Reductionism or Holism? MU!


This picture was drawn by Douglas Hofstadter for his classic dialogue “Prelude…Ant fugue” in his masterful Godel, Escher, and Bach. In the dialogue he asked a simple, yet highly illuminating question: what does the picture say?

On the top level, it says “MU”, alluding to the Zen parable of Joshu and the dog. In this parable, a monk asks Joshu “does a dog have Buddhe-nature?” Joshu, with immediate fervor, replies “MU!”, which basically means that Joshu denied the legitimacy of the question. He “unasked” the question. The relevance of the parable is made clear when one attempts to answer the above question: what does the picture say? One cannot simply assert that it says “MU”, although on the top and bottom levels it says as much.(You can’t see it in the above copy, but the individual letters are made out of tiny iterations of “mu”). That would be too simplistic of an answer, although it is trivially “true”.

The beauty of Hofstadter’s diagram is only apparent after you let the meaning of the parable sink in. Do all questions have definite answers? Can we really ask questions like “Is the key approach to the mind reductionist or holist?” and expect simple answers? Is it wiser to instead “unask” such questions? Perhaps that question should be unasked as well!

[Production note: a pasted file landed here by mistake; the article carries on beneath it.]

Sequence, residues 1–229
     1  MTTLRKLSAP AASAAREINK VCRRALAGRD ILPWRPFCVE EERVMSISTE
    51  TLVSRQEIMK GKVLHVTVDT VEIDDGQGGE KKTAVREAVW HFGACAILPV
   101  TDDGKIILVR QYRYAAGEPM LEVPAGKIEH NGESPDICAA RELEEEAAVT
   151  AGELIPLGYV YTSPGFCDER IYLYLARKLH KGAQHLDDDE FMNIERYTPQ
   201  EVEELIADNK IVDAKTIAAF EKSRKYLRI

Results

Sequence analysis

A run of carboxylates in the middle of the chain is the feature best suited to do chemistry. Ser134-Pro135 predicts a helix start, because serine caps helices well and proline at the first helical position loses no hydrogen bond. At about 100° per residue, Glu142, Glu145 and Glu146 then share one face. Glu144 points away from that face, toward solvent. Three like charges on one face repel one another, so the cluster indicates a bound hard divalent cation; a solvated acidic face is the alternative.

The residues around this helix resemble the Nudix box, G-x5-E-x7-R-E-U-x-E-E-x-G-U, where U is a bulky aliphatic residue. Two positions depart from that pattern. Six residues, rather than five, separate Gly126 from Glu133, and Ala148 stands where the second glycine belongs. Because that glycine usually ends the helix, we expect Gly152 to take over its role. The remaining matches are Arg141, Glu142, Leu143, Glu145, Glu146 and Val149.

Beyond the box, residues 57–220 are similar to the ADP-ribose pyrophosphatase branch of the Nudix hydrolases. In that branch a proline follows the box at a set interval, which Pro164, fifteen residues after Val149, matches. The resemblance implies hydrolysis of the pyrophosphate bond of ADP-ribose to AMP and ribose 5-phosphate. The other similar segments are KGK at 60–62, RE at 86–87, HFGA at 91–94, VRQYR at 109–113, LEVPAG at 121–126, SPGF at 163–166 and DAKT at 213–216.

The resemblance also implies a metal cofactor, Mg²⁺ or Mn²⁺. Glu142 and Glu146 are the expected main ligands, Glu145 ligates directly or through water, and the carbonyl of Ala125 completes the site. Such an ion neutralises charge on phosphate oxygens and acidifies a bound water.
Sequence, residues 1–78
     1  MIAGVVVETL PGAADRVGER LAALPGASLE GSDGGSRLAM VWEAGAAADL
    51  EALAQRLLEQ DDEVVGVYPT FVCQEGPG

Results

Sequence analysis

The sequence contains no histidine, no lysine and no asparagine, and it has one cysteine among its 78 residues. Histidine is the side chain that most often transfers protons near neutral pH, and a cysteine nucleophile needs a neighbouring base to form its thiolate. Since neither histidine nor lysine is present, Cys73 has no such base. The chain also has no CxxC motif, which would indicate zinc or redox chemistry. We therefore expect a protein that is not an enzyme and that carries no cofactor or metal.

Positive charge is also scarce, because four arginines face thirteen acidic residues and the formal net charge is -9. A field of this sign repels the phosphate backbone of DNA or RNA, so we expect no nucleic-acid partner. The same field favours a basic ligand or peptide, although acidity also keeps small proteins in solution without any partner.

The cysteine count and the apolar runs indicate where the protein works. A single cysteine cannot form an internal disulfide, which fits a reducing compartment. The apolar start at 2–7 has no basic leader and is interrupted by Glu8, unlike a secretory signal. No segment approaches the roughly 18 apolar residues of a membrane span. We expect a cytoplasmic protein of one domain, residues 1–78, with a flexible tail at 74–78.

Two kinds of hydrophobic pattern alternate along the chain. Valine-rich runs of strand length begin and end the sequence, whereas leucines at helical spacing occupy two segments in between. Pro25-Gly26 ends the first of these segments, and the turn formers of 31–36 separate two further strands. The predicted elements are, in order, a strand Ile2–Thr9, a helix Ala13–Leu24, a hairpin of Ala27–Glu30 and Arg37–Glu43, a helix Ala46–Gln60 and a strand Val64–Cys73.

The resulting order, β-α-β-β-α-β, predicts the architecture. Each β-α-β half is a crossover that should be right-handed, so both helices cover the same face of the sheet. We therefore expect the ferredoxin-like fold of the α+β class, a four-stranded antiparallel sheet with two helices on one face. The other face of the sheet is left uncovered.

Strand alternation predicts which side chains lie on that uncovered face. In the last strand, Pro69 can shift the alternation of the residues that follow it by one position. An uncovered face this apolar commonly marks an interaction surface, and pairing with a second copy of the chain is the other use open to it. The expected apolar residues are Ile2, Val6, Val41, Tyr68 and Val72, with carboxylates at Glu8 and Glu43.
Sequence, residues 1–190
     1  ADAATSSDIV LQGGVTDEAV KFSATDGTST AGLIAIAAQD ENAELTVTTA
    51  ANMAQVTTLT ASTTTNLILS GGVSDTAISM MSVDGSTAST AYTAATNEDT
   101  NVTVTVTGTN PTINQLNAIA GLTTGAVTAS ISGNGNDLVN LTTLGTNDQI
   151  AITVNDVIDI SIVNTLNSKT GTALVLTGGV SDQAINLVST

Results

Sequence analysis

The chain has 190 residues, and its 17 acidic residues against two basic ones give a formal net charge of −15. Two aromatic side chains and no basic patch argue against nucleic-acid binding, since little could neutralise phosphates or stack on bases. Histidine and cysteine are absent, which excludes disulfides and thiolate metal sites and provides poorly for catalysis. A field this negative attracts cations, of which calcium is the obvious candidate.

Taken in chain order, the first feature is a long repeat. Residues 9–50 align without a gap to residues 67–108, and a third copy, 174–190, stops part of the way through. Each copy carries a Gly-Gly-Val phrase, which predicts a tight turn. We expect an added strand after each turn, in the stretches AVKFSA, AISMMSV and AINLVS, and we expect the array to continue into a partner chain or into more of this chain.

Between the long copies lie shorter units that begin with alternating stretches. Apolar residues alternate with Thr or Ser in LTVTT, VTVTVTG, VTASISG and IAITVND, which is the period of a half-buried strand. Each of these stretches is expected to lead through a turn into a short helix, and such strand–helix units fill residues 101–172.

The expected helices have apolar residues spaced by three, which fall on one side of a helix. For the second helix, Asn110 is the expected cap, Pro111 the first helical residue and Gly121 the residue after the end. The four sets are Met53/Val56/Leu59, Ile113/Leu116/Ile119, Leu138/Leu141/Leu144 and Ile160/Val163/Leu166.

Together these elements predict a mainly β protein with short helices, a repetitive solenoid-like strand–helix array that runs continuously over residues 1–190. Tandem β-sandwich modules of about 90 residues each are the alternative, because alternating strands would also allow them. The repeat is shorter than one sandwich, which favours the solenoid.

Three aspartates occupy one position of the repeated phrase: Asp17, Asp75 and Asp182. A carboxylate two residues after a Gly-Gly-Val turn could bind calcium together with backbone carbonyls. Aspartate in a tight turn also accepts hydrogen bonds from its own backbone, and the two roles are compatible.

I love this diagram on multiple levels, which is fitting I think, so I thought I would share it with you all. Please spend the time to ponder on the question of what the picture reallysays, and see if you come to the same conclusion as Joshu.

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Filed under Philosophy

5 responses to “Reductionism or Holism? MU!

  1. Perhaps unasking a question is more like denial rather than rejecting the legitimacy of the question. I think it’s like the “Box” chained with chains and locked with locks once opened you cant put the question back in! Would it not be better to progress to find an answer?
    There is no answer to the question above, akin to if you see the Buddha on the street what would you do? The correct answer being of course Kill him!

  2. Hi Gary,

    I agree that lot of questions need to be “unasked”, but probably to do that one needs to see some wrong assumption behind the question.

    For this concrete issue, I guess it depends what one means by ‘holism’. If by holism we mean anti-reductionism, that is, denying that reductionism is giving us the full picture, I would argue for it. But, if by holism we mean denying the primacy of the parts, just to put the whole as an abstract principle, it seems we would again be leaving something out, and I think that Hofstadter’s picture is good in communicating that…

    (Well, there is the problem that for specifying the description of that picture, one can just specify the configuration of the letters, which is somewhat reductionistic, but of course that is not Hofstadter’s fault given the limits of the medium)

  3. This post was pointed out to me by a colleague, in response to a similar blog post I just published. I love this self-referential stuff.

  4. Pingback: Jonah Lehrer on Myopic Reductionism | Minds and Brains

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